A: It’s wonderful if you can bring enough scripts so that everyone in the room can read along. However, it’s only required that you bring enough copies so that each of the people reading a part aloud has a copy. Important: Don’t forget to bring a script for the person reading stage directions!

Q: How many people attend PDXP meetings?
A: Typically we have about 12 people at a meeting. A low night is 8 people, a high night is 20 … we’ve had more, too. We ask people to RSVP before attending — but the truth is that we are still essentially a drop-in group.

Q: What if I don’t have a printer?
A: Many of our participants save their work on a portable thumb drive and bring their work to a commercial copy center to make copies. Some manage to reduce costs by using recycled paper or double-sided formats for purposes of the table read.



Q: Who’s going to read my script?
A: Typically, at the start of an evening we ask our attendees for volunteer script readers. You, as the playwright, get to choose who from among the volunteers will read each role.

Q: Can I be one of the readers myself?
A: We recommend that the author not be a reader. We believe the author should get to just sit back and focus on hearing how the script sounds when read aloud. An exception: If the script is for a one-man or one-woman show where you intend to be both author and performer, then you may well want to be the person doing the reading. Your choice.

Q: Can I ask friends/actors I know to come read?
A: Absolutely. If you have someone in mind to read a role, ask them to come. PDXP is always glad to become acquainted with new actors.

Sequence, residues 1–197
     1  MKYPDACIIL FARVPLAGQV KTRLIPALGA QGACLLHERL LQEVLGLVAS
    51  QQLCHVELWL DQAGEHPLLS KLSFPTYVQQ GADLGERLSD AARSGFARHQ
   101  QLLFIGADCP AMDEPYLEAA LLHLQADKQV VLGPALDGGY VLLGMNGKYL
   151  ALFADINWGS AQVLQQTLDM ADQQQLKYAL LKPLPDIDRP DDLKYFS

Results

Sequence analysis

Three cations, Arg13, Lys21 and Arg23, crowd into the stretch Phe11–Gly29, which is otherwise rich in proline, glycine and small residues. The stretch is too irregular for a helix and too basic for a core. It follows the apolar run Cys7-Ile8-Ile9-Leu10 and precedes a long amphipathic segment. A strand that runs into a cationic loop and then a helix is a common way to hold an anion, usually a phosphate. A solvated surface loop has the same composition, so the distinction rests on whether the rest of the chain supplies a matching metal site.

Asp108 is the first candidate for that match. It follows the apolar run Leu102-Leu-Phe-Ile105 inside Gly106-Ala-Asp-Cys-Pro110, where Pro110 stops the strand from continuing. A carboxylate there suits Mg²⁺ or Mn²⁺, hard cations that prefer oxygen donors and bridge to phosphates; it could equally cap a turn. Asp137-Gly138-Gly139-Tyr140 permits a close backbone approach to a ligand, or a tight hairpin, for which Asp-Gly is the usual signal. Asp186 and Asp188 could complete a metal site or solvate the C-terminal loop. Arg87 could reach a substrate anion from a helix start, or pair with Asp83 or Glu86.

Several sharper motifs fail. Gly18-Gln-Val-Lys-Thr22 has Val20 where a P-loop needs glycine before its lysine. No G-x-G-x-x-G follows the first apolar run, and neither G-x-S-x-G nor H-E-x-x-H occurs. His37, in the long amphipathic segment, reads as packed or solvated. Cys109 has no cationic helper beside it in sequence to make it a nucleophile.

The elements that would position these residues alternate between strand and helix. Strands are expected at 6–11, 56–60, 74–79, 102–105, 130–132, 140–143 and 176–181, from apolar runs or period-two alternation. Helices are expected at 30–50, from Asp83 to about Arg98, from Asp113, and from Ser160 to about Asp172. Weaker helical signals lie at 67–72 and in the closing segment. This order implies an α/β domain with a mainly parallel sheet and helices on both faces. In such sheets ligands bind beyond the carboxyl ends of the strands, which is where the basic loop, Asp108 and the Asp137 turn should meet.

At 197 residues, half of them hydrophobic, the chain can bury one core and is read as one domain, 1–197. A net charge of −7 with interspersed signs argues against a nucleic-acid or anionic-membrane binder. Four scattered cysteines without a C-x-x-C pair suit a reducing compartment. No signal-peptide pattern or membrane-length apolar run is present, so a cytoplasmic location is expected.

Q: Can my friends/family come to just listen?
A: Yes, of course! The more, the merrier.

Q: My play involves projections that I want to show. Do you have a digital projector?
A: We can look into that availablilty, depending on the space. Please contact a PDXP admin team member. (Don’t forget that in this stage of your work, it’s the text that matters most, though!)



Q: What feedback will PDXP give me about my play?
A: We have a default format that we use for responding to plays. We give feedback in three passes…

Round 1: “Popcorn responses.” Audience gives one-word responses that express their gut-level impression of the play. Alternately, they can echo back short phrases or images that they remember particularly clearly. The goal is to get a very general sense about how the play impacted the audience emotionally.

Round 2: “What worked about this play?” The audience talks about they liked, what was powerful, what served the structure well.

Round 3: “Questions from the playwright.” This last round is the most important — it’s where you get to ask the audience anything you want.

Q: Shouldn’t there be a question about what doesn’t work in the play?
A: Writing can be a very vulnerable act. Bringing your writing to be read requires a small (or large) act of bravery. We want to protect the author’s right to hear only as much criticism as they’re ready to digest. If you, the playwright, want to ask questions that invite only very narrow responses from the audience, then you are welcome to do so. If you want to ask for “brutal honesty,” well, then you are welcome to do that too … But still — PDXP’s facilitators will do our best to remind everyone to truly focus on the “honesty” part. Please do not be “brutal!”

Q: What sorts of questions should I ask my audience?
You can ask anything you want. We recommend giving your questions some concerted thought in advance of the meeting. Here are a few ideas to get you started …

• Were there any parts where you found yourself bored or spacing out?
• Were there any bits of dialogue you remember that felt unnatural to you?
• Did the play end with you still feeling confused about anything?
• Did the characters actions feel realistic to you? Did anything seem forced?
• What was your interpretation of why [character] did [action]?
• What did you think happened at the end of the play?
• I’m floundering a bit with [that scene]. Any suggestions about how I could get it to work?
• What did you feel didn’t work about the play?
• I’d like to welcome whatever feedback you have. I’m open.

Q: I’ve got a lot of questions for my audience … What if we run out of time?